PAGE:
Re-Watching “Wings” (1990-1997)

Do you ever have a vague, yet vivid recollection of something? I know it’s technically an oxymoron, but that’s how I feel about the NBC series Wings which aired from 1990-1997. I vaguely remember episodes, but I vividly remember it being one of my favorite television series growing up. Well, thanks to the glory of Netflix, I was able to re-watch all 8 seasons of the ’90s sitcom with ease. Bit by bit, my memories of the show came back to me, and I wished it were that decade all over again.  20 years or so later, the show still stands the test of time with its witty dialogue and comic timing by the cast.  It had actors guest star who became household names later on like future Will & Grace star, Megan Mullally. Even Tim Daly’s sister, Tyne Daly appeared. If you haven’t watched it in a while, or need a new series to binge on Netflix, take to the sky and ride along with the pilots on Wings.


The Second Season of #OrangeistheNewBlack is Even Better Than Expected. #OITNB


Unless you live under a rock, you’ve probably heard that the second season of Netflix’s hit series Orange is the New Black went live on June 6th. And, if you’re a fan, you’ve binge-watched the entire series in just a few days. Personally, I did not start watching the second season until I had a day off from work, for fear that I wouldn’t want to leave the house. Well, I started the second season on Tuesday, and between errands and various different obligations, I finally completed watching the 13 episodes that make up the stellar second season. #OITNB is filmed in NYC and features various friends and colleagues of mine. Watch out for Olga Merediz in episode 5 (heartbreakingly serious with all her dialogue in Spanish. She’s amazing. Seriously.) and Hamilton Clancy in the last 7 episodes as CO Kowalski (He’s hilarious.)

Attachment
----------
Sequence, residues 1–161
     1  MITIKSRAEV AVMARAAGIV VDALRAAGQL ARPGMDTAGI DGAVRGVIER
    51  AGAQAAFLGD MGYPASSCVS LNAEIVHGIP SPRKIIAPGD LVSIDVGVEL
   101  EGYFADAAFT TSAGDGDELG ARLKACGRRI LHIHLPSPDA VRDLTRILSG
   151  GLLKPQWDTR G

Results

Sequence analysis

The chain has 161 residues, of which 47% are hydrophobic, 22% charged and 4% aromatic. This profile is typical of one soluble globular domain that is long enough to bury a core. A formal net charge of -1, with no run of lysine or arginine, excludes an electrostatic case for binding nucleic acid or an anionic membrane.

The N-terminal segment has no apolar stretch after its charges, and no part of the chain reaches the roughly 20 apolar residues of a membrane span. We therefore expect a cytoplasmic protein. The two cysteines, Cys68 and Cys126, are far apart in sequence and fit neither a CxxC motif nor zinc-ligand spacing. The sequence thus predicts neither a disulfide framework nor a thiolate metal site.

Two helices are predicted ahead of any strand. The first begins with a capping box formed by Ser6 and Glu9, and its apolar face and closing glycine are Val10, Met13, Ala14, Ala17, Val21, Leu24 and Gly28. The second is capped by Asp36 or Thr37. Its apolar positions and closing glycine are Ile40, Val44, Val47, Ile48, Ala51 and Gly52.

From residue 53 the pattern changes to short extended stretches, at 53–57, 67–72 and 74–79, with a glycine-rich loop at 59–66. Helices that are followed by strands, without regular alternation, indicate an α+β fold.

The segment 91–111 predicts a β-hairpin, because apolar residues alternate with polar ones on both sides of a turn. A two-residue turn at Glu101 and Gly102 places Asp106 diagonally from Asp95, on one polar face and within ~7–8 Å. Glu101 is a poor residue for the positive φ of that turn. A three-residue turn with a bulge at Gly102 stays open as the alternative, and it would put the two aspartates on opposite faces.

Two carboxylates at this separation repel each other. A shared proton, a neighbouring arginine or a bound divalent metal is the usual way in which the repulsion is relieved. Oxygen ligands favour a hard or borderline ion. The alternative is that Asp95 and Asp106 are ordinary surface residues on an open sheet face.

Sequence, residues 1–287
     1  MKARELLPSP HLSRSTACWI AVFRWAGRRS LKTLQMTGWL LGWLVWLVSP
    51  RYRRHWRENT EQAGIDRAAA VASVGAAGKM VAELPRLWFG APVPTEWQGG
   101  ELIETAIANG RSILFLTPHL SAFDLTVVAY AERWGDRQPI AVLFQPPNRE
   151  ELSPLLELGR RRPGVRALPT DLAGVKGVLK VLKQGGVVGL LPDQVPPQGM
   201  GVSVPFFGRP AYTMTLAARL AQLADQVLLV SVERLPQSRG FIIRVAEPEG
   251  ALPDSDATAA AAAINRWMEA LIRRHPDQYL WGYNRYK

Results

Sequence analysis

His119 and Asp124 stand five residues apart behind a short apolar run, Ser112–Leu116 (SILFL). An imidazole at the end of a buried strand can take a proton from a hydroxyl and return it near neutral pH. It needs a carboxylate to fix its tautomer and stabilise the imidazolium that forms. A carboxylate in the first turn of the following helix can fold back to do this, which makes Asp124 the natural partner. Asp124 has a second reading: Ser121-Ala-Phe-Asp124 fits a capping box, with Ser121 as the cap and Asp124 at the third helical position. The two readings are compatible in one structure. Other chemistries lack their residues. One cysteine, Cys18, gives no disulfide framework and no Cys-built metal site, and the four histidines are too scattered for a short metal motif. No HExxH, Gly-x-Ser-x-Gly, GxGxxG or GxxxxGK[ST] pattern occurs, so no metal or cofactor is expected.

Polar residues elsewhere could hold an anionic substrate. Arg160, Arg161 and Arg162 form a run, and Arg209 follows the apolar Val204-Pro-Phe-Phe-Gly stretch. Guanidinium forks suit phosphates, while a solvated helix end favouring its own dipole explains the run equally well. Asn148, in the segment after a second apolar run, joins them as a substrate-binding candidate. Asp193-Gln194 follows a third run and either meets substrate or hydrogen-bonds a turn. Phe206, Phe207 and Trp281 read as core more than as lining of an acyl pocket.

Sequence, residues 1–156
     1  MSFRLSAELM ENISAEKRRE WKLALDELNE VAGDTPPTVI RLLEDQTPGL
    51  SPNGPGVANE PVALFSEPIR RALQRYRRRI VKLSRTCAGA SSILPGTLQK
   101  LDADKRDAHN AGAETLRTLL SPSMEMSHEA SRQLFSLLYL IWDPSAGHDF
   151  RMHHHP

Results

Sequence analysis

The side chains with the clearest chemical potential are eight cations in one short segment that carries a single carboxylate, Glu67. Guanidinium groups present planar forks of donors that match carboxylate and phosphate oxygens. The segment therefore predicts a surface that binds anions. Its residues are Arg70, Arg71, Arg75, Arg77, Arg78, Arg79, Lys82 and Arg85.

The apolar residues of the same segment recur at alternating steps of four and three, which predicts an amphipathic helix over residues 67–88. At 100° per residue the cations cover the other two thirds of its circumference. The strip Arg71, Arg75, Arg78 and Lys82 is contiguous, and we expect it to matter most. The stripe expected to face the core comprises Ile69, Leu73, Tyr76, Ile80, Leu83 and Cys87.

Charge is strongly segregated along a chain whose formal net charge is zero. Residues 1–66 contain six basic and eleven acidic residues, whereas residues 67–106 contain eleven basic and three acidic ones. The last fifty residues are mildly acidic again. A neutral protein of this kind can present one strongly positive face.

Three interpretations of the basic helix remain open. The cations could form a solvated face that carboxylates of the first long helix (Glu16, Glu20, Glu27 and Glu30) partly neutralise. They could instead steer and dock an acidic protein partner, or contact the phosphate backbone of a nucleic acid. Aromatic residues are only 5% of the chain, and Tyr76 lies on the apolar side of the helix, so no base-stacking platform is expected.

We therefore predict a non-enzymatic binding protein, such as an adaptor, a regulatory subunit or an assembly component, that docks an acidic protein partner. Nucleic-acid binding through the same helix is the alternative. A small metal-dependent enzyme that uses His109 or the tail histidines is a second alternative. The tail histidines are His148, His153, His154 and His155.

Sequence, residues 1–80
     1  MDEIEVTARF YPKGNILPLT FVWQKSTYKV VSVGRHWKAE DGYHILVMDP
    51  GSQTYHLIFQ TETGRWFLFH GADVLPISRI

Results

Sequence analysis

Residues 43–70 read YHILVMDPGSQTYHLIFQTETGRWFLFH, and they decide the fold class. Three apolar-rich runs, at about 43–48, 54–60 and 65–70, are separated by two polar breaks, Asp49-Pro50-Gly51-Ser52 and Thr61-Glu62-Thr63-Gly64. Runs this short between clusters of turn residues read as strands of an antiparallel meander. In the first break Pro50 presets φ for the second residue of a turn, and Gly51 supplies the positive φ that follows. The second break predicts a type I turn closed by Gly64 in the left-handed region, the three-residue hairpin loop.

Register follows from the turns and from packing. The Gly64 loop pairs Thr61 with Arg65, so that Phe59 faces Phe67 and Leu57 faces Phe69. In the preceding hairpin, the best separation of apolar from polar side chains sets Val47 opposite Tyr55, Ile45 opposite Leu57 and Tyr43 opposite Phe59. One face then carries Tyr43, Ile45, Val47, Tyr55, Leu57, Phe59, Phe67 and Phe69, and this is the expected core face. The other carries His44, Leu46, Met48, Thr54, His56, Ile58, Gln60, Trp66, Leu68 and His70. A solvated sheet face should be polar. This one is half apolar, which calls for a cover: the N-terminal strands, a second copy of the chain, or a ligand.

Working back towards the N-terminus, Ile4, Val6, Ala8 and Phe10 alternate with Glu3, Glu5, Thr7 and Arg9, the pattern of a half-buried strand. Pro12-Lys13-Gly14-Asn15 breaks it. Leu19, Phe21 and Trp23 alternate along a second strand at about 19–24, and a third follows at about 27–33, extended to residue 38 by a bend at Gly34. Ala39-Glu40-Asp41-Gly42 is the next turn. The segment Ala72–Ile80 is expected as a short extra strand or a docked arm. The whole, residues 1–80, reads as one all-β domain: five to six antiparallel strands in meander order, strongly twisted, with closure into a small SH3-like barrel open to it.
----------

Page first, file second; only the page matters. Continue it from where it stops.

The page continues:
It’s weird because unlike other popular series such as Game of Thrones or others that are released weekly, on-demand, streaming shows let the viewer experience an entire season all at once. It can be a little overwhelming–after all, they call it binge-watching for a reason. Some suggest to spread out the season as you would a weekly televised show. Others just say to take the plunge and indulge. Well, the good thing about Orange is the New Black is that the story is rather continuous, so it can help to watch it all at once. However, now that it’s over, I don’t really know what to watch. Good thing season 2 of Orphan Black still has some episodes in the season left.If you haven’t seen Orange is the New Black, sign up for Netflix and watch it, you won’t regret it.


Dear #Shakespeare, Your Residual Checks Are In the Mail. RE: #HouseofCards


Dear Shakespeare,

I’m sorry you are not alive today to see all of the adaptations, and blatant stealing of your works. If I could have a lunch date with anyone dead or alive, you’re definitely on the list. I mean, seriously, I have so many questions. Like how the heck did you come up with the word “Rant?” Thanks for that. It’s also in the name of my blog. I’d probably also geek out like the English major I am. It’s obvious that Kevin Spacey’s love of your works probably helped make his decision to do the Netflix hit House of Cards a heck of a lot easier. Yes, they draw from Richard III and Macbeth, that’s obvious. Politics. If you were alive today, I imagine you’d be a blogger, a playwright, and a screenwriter. Man, you would probably love film making and movies, but I’d suspect you’d become annoyed by all the detailed stage directions. We know you weren’t too descriptive on that front. Seriously, you should see Kevin Spacey deliver a kick-ass monologue you should probably take all the credit for 22 minutes into episode 13. Yes, it’s his Macbeth/Richard III moment. And yes, he and Robin Wright probably play the modern day equivalent of Macbeth and his Lady, but we need to give credit where it’s due. Without you Willy Shakes, there’d be no Nicholas Sparks novels that are made into cheesy movies with the same poster concept for each one. There would be no Breaking Bad, because we all know tragedy and wickedness start in the most unlikely places. I mean, you helped make storytelling what it is today.You helped make the modern day villain complex, and made us want lovers to end up together. As an audience, we should be reading all of your plays, sonnets and such. All day. All the time. We can learn so much more about ourselves from your writing.  You’d probably be frustrated with all the reality shows though. Those are really bad.

I’ll rant as well as thou.–Hamlet (Act 5, Scene 1, Line 284)

Fun Fact: That’s just one line of the  1,569 that Hamlet has to say.